Revocation of declaration
In practice, however, it seems likely that the NSW government intends to move quickly, following the establishment of its water infrastructure access regime, to have declaration of Sydney Water’s waste water infrastructure revoked, either before or after seeking certification of its regime.
The substitution of a state based access regime or undertaking for the declared services could only occur if the NCC recommended revocation of the declaration made by the ACT.
There are no provisions in the TPA expressly conferring a power on any person to seek a recommendation for revocation from the NCC. Further, while the NCC cannot revoke a declaration unless the criteria for declaration are no longer satisfied, the NCC has a discretion whether to revoke where this requirement is met. Once again, however, these elements of the TPA are unlikely to raise any barrier to the NSW government in obtaining revocation, as the NCC is likely to act in accordance with the intent that the TPA not cover a service that is subject to an effective access regime1 regardless of the lack of legislative compulsion.
The relevant Minister can only revoke the declaration if it receives a revocation recommendation from the NCC. The NCC can only make that recommendation if it is satisfied that, at the time it is considering its recommendation, the tests for making a declaration would not be satisfied. This would include in particular whether the declaration continues to promote competition in another market, and the effectiveness of the new access regime in relation to the facility.
While the NCC may make such a recommendation on the basis that an ‘effective’ access regime now exists, a crucial step for the NSW government is to first seek to develop an effective access regime – that is, a regime that conforms to the Competition Principles Agreement principles for such a regime – before seeking revocation. Provided, however, the NSW government makes some effort to ensure its regime accords with those principles, even where the regime is not strictly an effective access regime, the pre-conditions for revocation will almost certainly be met. This is because the NCC is likely to conclude that continued declaration of Sydney Water’s waste water infrastructure services will not promote competition in any related market, where a State regime would compel regulated access to those services in the absence of declaration.2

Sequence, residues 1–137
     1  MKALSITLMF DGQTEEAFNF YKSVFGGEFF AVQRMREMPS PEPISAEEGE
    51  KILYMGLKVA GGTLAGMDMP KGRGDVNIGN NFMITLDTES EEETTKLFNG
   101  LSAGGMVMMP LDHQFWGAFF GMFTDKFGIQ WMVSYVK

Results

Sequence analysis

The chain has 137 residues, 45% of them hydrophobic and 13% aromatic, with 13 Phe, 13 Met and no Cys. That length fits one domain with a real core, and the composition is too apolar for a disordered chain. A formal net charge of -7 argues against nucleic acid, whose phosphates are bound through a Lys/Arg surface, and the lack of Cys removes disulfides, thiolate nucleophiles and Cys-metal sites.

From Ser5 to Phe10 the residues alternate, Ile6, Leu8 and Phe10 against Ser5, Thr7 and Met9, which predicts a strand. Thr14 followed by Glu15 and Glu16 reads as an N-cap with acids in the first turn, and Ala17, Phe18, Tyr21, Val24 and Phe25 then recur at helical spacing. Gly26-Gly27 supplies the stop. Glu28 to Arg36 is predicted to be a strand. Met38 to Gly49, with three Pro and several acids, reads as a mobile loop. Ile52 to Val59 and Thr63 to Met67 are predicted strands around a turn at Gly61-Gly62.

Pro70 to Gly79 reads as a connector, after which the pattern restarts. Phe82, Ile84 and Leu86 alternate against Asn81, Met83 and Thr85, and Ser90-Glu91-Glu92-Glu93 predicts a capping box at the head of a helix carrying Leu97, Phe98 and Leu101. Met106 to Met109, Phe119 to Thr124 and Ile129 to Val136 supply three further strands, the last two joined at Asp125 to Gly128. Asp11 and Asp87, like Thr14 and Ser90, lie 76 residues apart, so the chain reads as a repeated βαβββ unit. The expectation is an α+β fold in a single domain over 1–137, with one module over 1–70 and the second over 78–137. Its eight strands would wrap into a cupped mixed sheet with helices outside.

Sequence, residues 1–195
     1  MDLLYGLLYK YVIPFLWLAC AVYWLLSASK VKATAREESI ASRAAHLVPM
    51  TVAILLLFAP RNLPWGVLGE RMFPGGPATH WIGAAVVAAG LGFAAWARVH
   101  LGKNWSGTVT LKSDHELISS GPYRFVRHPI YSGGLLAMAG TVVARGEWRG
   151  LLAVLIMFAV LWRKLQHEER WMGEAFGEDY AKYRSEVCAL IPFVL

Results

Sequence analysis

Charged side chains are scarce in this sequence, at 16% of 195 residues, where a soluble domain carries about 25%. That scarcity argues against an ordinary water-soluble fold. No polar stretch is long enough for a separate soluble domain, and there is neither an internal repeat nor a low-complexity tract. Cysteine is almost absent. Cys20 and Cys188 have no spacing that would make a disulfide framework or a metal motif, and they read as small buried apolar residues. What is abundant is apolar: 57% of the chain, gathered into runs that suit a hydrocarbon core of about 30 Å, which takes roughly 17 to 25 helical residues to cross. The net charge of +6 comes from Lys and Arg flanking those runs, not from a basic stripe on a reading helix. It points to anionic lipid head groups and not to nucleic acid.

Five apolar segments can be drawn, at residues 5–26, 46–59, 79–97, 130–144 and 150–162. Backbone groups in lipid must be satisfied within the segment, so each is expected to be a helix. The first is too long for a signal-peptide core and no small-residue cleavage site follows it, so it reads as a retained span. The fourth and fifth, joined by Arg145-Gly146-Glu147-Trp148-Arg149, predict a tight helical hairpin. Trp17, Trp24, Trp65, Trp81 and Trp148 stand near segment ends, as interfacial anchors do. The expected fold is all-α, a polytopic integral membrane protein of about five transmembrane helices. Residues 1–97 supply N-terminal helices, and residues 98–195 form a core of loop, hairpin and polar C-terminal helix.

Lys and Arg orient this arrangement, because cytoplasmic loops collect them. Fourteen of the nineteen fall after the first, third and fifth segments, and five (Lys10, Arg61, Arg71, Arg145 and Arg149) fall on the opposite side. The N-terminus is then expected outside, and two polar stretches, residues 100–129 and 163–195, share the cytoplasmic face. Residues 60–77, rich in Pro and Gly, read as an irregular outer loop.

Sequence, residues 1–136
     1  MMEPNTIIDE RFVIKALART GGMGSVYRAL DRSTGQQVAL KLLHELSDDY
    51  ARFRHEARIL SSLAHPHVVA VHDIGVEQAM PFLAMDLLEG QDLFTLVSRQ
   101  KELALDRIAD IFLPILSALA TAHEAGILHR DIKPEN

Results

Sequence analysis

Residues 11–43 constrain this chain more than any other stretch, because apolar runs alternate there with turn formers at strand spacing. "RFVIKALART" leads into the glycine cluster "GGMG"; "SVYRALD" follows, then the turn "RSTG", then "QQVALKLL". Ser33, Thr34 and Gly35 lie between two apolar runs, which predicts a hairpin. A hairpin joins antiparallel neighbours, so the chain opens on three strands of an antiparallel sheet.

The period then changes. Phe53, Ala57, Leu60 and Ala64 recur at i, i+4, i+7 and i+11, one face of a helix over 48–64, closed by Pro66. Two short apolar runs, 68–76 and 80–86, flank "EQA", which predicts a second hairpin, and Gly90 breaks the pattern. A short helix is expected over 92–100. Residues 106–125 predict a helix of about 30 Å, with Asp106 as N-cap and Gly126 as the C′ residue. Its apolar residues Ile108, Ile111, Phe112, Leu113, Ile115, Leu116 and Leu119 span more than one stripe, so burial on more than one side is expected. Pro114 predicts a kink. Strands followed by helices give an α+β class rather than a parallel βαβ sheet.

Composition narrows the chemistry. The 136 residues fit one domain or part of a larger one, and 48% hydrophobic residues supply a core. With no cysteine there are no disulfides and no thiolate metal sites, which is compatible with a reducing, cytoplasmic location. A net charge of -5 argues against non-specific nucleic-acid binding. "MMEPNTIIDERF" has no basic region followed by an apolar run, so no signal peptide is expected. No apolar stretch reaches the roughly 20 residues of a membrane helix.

Obtaining this recommendation may take some time, as there are at present no statutory timeframes in which the NCC must adhere in making the recommendation.
1 Clause 6(2) of the Competition Principles Agreement expressly states that the intent of the Commonwealth and State and Territories Governments that are signatories to that Agreement was that the TPA access regime not cover any infrastructure service that is subject to a State or Territory effective access regime, except where issues arise from the relevant facility being situated in more than one jurisdiction.
2 The NCC adopted this line of reasoning in recommending against the declaration of Freight Victoria Limited’s Victorian intra-state rail network (see NCC’s Final Recommendation for Freight Australia’s application for declaration of its Victorian rail network services, December 2001). The NCC concluded in assessing the application for declaration that the existing (but not certified) Victorian rail access regime, which covered the intra-state rail network, was not an effective access regime. However, it nonetheless concluded that the operation of the regime had the effect that declaration of the network would not promote competition in any market.
This publication is intended as a first point of reference and should not be relied on as a substitute for professional advice. Specialist legal advice should always be sought in relation to any particular circumstances and no liability will be accepted for any losses incurred by those relying solely on this publication.